installment of Angelus Press's Edition of SiSiNoNo
begins a lengthy serialization of errors ascribed
to the Second Vatican Council.
"rap sheet" begins this time with a simple overview
of the Council. Further installments will concentrate
on specific issues of doctrine, theology, definition,
the Sacred Liturgy, the so-called "separated brethren,"
the contemporary world, the missions, education, pastorality,
will conclude with solutions.
In general, the mentality at the Second Vatican Council
was little if at all Catholic. This can be said because
of an inexplicable and undeniable man-centeredness and sympathy
for the "world" and its deceptive values, all
of which ooze from all of the Council's documents. More
specifically, Vatican II has been accused of substantive
and relevant ambiguities, patent contradictions, significant
omissions and, what counts even more, of grave errors in
doctrine and pastorality.
II's Ambiguous Juridical Nature
of all, ambiguity pervades the Second Vatican Council's
nature as to law (i.e., "juridical nature").
This remains unclear and appears indeterminate because Vatican
II termed itself simply a "pastoral Council" which,
therefore, did not intend to define dogmas or condemn errors.
This can be seen from the address delivered at the Council's
opening by Pope John XXIII on October 11, 1962, and in the
Notificatio, publicly read on November 5, 1965. Therefore,
the Council's two Constitutions, Dei Verbum (on Divine
Revelation) and Lumen Gentium (on the Church), which,
in fact, do concern matters of dogmas
of the Faith, are dogmatic only in name and in a solely
Council wanted to disqualify the "authentically manifest
and supreme ordinary Magisterium" (Pope Paul VI). This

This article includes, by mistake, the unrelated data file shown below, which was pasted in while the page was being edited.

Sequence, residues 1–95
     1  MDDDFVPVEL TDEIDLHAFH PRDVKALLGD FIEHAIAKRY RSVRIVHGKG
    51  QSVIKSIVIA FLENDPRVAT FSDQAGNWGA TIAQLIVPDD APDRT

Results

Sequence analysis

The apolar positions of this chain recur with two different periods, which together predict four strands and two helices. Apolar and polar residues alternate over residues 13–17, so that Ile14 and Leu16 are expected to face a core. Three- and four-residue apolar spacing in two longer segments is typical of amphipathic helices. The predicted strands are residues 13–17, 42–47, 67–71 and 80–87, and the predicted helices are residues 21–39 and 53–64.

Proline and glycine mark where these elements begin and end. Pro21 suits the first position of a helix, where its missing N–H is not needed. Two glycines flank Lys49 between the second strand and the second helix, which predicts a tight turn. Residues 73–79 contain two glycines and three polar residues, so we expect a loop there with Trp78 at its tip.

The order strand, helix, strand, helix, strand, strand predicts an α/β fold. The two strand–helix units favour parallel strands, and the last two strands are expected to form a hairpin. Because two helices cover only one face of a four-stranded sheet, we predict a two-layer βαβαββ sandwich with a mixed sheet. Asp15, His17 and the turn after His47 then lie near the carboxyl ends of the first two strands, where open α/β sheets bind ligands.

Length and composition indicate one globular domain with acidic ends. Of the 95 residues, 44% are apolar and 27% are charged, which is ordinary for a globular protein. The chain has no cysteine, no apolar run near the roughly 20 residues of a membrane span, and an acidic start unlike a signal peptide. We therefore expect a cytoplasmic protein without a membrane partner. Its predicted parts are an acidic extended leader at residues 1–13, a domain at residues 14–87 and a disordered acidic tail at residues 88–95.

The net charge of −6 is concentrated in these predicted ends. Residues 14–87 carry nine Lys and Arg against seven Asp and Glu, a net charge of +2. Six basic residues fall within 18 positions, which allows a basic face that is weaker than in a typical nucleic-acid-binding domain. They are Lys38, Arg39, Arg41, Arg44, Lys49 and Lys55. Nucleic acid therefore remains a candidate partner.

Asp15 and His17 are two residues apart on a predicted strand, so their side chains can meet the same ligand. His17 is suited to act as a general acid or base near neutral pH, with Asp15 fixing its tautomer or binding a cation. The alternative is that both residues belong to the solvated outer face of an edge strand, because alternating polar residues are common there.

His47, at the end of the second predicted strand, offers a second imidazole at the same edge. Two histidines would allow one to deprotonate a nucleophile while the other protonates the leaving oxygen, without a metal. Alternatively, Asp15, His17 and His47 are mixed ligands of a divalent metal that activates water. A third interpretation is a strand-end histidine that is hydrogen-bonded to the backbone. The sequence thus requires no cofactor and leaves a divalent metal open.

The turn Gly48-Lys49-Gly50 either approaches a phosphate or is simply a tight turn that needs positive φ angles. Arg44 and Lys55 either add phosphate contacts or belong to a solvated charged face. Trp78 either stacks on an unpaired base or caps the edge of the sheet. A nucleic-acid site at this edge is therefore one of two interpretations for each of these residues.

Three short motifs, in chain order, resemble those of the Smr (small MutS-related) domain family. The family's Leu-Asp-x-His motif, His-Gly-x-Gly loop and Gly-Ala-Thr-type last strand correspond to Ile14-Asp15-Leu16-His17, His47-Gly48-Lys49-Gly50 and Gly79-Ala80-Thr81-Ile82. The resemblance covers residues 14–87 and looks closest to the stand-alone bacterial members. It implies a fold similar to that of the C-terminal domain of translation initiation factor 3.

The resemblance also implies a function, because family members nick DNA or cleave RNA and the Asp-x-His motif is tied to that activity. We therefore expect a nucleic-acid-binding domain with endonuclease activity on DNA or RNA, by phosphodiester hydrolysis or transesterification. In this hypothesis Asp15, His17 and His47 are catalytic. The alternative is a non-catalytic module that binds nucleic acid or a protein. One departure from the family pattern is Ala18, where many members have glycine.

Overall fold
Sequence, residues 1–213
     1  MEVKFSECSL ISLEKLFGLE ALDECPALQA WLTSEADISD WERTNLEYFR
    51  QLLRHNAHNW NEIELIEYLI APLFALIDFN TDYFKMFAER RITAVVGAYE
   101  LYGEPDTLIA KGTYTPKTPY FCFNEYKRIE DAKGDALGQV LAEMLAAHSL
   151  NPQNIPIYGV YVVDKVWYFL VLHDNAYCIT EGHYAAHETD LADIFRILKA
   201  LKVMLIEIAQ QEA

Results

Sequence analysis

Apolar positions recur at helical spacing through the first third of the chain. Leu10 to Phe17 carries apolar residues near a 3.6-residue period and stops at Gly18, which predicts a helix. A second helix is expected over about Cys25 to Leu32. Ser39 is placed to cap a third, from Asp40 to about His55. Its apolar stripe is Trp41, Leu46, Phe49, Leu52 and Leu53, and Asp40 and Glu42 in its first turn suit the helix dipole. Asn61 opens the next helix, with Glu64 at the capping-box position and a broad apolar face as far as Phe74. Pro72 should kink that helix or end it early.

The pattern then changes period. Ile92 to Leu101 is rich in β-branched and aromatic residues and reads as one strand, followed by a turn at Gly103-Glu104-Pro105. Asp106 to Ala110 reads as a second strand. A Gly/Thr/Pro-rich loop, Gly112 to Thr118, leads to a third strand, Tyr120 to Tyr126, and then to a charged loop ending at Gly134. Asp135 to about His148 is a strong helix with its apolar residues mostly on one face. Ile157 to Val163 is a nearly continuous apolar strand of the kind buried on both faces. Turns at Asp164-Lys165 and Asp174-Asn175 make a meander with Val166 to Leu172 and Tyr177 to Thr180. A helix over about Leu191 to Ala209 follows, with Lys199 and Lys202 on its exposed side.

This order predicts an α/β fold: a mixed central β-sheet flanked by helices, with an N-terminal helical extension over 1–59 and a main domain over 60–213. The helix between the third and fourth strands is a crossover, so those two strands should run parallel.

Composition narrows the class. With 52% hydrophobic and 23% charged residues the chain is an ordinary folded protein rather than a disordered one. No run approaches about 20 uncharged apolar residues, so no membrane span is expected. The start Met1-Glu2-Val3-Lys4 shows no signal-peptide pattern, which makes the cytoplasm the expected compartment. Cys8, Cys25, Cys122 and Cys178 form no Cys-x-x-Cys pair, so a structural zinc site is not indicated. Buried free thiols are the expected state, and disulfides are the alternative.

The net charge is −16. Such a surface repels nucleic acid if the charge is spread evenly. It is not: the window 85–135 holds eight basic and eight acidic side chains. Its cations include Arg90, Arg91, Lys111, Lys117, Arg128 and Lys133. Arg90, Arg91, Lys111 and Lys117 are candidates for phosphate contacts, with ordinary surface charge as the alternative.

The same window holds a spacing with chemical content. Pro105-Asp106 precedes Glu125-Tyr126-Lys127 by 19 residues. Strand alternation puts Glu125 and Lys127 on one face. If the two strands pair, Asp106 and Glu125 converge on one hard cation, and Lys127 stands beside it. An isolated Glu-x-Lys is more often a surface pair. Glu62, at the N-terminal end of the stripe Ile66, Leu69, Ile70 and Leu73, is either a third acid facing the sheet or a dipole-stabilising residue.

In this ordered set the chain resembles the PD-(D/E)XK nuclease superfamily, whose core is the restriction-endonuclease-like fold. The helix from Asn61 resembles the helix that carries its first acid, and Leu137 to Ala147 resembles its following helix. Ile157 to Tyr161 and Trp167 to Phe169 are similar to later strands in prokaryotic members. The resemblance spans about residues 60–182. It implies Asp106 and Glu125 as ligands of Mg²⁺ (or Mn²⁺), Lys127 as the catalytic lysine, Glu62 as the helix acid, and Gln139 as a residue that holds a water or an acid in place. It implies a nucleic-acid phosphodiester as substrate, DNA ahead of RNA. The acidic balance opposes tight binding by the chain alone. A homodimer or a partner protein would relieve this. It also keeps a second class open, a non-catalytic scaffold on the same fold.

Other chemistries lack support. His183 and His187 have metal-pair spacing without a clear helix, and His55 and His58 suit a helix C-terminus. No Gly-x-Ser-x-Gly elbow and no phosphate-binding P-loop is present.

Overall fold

is an insufficient figure of speech for an ecumenical council
since such councils always embody an extraordinary exercise
of the Magisterium, with the Pope deciding to exercise its
exceptional nature together with all of the bishops assembled
by him in council. He acts therein as the suprema potestas
of the entire Church, which he possesses by Divine right.
Neither does reference to the "authentic character"
of Vatican II explain things, because such a term generally
means "authoritative" relative to the Holy Father's
sole authority, not to his infallibility. The "mere
authenticum"ordinary Magisterium is not
infallible, while the ordinary Magisterium is
infallible. In any case, the ordinary Magisterium's
infallibility does not have the same characteristics as
the extraordinary Magisterium. Thus, it cannot be applied
to the Second Vatican Council. It is necessary to realize
that the point in question is how many bishops throughout
the Catholic world are teaching the same doctrine, and not
how many are present at a Council.
being Vatican IFs actual juridical nature, it is certain
that it did not wish to impart a teaching invested with
infallibility. It is true that Pope Paul VI himself said
that the Council's teaching ought to be "docilely and
sincerely" accepted by the faithful, that is, with
(we specifically note) what is always called "internal
religious assent," something required of any pastoral
document, for instance.
assent is obligatory, but only on the condition that sufficient
and grave reasons do not exist for not granting such
assent. Might a question of "grave reason" be
concerned when alterations in the deposit of Faith are evident?
Already during Vatican IPs tormented discussions, cardinals,
bishops, and theologians, faithful to dogma, repeatedly
noted the ambiguities and errors which were infiltrating
Council texts, errors that today, after 40 years of definitive
reflection and study, we are grasping ever more precisely.
do not pretend completeness for our synopsis of the errors
ascribed to Vatican II. Yet it seems to us that we have